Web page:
My journey to Ethiopia was actually two journeys. I’ve already written about one, and the one I have yet to write about actually began on the Ethiopian Airlines jet that took me to Addis Ababa.
As soon as I boarded that jet, every time I would meet an Ethiopian, I would ask her (the stewardesses were all women) what her name meant. I did this consistently through the end of my travels. In this sense, my journey began with Mulubebet. As soon as she told me what her name meant, I knew that my Ethiopian language journey would be an interesting one.
Mulubebet means “full in the house,” and in Hebrew it would be Malebabayith. Many, if not most, Ethiopian names have some sort of Hebrew-like root. Take the late emperor, Haile Salassie. Haile means “strength” – as in the Hebrew esheth Hayil or “woman of valor.” Salassie means, of course, “trinity.”
I had already known that Addis Ababa means “new flower” in Amharic, and when I told the man sitting across from me (on the plane) that the first word Addis was clearly related to Hebrew hadash, and had lost the initial “H” sound (due to Amharic lacking any equivalent), the man enthusiastically agreed. “In Tigrinya (a related, more conservative, Ethiopian language) it’s hadish,” he said. As for the second word, Ababa, it also has a Hebrew equivalent (Song of Songs 6:11) Ibbe haNahal – “blossoms/sprouts of the brook.”
The Hebrew word for the season of spring is Aviv, which is obviously related to the aforementioned word for “blossom/sprouts.” In Biblical times, this was probably pronounced Abheebh, with a soft “b” as we find in Spanish – and in Amharic. The City of Tel Aviv partially shares its name with the City of Addis Ababa.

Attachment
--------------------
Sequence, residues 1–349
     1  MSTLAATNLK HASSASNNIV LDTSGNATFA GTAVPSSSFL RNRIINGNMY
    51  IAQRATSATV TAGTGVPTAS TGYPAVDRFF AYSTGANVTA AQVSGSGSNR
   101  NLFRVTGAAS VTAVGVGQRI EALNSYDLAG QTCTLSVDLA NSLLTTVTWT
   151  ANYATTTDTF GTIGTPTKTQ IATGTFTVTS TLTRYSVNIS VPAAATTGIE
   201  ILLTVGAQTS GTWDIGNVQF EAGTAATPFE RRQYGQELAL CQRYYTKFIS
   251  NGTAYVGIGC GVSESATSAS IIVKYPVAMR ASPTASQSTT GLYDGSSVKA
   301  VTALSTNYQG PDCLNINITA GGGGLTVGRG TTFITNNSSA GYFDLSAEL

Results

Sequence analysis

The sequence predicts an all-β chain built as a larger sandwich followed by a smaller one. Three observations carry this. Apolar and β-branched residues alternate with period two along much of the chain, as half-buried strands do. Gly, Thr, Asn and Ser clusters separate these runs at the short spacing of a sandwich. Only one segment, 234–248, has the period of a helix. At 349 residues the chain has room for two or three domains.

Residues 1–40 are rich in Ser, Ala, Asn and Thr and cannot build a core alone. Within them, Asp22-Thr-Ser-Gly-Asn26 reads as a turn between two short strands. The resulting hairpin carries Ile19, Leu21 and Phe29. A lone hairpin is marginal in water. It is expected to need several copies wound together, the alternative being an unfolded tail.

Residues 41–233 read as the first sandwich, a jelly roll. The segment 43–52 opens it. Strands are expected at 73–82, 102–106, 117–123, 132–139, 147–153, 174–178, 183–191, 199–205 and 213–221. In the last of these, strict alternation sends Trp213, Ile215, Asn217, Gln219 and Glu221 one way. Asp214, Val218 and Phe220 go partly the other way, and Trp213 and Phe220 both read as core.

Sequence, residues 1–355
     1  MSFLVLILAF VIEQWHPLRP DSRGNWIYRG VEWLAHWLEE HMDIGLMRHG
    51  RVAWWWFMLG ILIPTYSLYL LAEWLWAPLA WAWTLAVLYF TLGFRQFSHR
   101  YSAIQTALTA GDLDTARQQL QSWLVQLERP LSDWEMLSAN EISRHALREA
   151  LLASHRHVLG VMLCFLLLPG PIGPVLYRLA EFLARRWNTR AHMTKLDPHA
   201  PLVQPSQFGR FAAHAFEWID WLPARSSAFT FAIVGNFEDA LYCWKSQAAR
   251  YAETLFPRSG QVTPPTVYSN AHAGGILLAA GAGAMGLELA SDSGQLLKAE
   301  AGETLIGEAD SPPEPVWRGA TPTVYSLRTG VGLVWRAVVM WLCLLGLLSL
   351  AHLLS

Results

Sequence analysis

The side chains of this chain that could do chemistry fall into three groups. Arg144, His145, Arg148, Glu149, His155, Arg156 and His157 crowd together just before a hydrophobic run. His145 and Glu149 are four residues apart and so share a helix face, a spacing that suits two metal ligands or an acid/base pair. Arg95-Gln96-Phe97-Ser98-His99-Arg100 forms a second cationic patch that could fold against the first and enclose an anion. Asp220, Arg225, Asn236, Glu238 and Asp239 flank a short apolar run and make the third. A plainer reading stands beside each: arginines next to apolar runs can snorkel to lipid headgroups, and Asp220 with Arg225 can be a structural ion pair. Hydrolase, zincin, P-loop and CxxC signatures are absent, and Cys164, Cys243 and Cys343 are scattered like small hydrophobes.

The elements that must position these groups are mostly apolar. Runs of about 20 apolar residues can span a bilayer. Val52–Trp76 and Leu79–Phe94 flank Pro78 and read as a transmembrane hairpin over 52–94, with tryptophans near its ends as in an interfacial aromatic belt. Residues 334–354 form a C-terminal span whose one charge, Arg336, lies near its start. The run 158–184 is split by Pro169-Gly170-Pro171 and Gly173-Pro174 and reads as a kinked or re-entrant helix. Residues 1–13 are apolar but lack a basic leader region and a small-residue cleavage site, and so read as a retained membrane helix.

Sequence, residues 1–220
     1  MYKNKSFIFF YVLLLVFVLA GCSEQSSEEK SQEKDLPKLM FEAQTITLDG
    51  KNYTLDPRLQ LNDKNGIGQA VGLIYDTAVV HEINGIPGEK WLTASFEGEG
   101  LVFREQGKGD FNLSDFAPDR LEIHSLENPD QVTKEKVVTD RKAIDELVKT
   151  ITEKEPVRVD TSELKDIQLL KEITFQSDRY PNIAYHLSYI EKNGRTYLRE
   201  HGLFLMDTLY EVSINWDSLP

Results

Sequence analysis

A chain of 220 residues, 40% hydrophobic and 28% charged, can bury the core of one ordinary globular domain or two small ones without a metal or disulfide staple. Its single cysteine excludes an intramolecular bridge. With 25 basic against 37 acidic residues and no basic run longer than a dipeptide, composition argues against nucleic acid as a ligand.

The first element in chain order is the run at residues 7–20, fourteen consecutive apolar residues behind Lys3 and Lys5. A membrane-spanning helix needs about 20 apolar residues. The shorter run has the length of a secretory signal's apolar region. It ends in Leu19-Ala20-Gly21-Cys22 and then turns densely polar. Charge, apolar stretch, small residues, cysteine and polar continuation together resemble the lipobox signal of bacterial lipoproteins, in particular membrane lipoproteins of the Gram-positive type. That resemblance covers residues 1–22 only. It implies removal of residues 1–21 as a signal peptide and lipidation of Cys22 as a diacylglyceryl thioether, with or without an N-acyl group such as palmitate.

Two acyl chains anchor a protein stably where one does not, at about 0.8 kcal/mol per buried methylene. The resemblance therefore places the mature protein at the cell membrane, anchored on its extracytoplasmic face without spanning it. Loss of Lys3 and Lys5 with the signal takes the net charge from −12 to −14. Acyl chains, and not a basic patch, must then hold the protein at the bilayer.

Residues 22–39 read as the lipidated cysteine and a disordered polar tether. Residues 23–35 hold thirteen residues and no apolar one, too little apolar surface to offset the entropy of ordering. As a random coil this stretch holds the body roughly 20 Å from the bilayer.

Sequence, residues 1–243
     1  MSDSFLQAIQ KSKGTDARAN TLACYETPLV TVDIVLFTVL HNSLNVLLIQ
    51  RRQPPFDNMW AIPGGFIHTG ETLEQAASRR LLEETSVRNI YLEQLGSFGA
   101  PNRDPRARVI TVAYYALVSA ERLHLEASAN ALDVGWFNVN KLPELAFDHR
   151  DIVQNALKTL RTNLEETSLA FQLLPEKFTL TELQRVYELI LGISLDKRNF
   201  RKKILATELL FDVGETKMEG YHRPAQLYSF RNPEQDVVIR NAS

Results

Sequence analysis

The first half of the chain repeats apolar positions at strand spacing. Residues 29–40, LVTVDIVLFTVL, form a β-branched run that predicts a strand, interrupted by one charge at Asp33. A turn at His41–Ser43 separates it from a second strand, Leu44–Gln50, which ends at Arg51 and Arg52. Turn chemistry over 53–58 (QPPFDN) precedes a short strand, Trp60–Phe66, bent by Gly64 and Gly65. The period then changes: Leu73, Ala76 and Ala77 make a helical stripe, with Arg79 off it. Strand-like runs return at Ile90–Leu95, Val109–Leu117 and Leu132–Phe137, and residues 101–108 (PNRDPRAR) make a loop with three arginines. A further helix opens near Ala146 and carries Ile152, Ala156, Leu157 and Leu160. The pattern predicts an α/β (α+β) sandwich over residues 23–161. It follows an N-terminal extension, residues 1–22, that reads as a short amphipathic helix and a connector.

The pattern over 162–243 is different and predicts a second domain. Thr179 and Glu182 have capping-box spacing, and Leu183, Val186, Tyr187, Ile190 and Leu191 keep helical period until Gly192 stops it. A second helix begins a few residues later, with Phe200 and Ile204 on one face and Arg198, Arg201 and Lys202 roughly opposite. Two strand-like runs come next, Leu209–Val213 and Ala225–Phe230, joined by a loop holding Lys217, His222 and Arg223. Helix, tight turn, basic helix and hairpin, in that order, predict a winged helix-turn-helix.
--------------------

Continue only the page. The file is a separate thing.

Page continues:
One popular Ethiopian name, Hiwot, means life. At the end of my stay in Addis Ababa, I visited a hospital by the name of Hiwot Ababa. It means “The Flower of Life.” In Hebrew, “life” is hayim. In Arabic, it’s hayat. In ancient times, some Semitic languages experienced a shift from w‘s to y‘s in many words. For the most part, Arabic escaped this fate, but Hebrew was greatly effected. The Biblical Hawa (“Eve” as in “Adam and Eve”) predates this shift. Today, some Hebrew speakers will name their daughter Hawa (pronouncing it according to the Ashkenazic tradition: Khava) and their son “Hayim.” They’re unlikely to realize that one version is an archaic form, while the other is a modern one, but that they essentially mean the same thing.
Another interesting Amharic word I heard is the word for cross (as in the symbol of Christianity). It’s “mesqʔele.” It bears no resemblance to the Hebrew word for cross: Tselabh. Most people would leave it at that. However, it’s not that simple; this Amharic word is essentially the same as the Hebrew word for weight (as in scales), which is “Mishqal.” A cross does look like a scale for weight measurement.